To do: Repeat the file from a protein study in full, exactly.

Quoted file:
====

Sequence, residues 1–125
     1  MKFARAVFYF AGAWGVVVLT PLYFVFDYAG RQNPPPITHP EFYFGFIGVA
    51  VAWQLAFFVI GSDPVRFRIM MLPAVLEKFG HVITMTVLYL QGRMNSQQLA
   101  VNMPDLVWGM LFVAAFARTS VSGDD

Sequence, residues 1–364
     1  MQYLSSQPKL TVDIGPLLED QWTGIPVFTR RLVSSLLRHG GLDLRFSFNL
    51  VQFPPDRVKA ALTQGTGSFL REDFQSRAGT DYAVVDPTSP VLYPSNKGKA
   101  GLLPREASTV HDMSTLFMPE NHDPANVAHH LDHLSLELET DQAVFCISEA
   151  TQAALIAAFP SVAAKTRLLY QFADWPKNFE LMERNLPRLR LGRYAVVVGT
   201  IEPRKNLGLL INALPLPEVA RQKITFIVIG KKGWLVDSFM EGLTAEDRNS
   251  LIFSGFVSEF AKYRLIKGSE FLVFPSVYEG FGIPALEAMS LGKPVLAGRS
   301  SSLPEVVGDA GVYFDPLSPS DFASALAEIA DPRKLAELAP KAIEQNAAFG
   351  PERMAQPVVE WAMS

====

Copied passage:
Sequence, residues 1–125
     1  MKFARAVFYF AGAWGVVVLT PLYFVFDYAG RQNPPPITHP EFYFGFIGVA
    51  VAWQLAFFVI GSDPVRFRIM MLPAVLEKFG HVITMTVLYL QGRMNSQQLA
   101  VNMPDLVWGM LFVAAFARTS VSGDD

Sequence, residues 1–364
     1  MQYLSSQPKL TVDIGPLLED QWTGIPVFTR RLVSSLLRHG GLDLRFSFNL
    51  VQFPPDRVKA ALTQGTGSFL REDFQSRAGT DYAVVDPTSP VLYPSNKGKA
   101  GLLPREASTV HDMSTLFMPE NHDPANVAHH LDHLSLELET DQAVFCISEA
   151  TQAALIAAFP SVAAKTRLLY QFADWPKNFE LMERNLPRLR LGRYAVVVGT
   201  IEPRKNLGLL INALPLPEVA RQKITFIVIG KKGWLVDSFM EGLTAEDRNS
   251  LIFSGFVSEF AKYRLIKGSE FLVFPSVYEG FGIPALEAMS LGKPVLAGRS
   301  SSLPEVVGDA GVYFDPLSPS DFASALAEIA DPRKLAELAP KAIEQNAAFG
   351  PERMAQPVVE WAMS